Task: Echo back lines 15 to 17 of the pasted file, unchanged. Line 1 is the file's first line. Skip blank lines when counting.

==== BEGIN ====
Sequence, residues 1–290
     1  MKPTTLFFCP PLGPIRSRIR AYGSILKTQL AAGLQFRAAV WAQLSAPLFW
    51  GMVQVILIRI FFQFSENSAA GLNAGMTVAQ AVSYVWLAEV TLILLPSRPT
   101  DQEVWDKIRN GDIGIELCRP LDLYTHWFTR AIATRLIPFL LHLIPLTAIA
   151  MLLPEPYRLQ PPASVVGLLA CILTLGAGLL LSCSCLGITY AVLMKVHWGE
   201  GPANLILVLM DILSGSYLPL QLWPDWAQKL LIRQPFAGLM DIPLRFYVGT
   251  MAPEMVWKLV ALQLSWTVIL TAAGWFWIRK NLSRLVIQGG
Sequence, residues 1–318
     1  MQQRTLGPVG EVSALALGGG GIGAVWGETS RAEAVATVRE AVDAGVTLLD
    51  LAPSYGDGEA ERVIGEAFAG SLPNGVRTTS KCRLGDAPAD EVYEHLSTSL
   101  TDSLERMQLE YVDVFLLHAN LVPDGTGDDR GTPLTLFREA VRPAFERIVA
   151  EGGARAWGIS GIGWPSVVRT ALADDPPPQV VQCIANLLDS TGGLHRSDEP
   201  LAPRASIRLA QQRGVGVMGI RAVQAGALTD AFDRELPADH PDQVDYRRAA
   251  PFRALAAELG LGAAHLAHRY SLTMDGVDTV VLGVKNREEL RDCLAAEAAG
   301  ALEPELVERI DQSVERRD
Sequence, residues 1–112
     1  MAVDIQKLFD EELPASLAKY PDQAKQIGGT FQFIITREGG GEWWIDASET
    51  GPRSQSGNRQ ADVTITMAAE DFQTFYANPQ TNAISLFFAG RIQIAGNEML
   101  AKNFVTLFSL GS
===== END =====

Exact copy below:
   301  ALEPELVERI DQSVERRD
Sequence, residues 1–112
     1  MAVDIQKLFD EELPASLAKY PDQAKQIGGT FQFIITREGG GEWWIDASET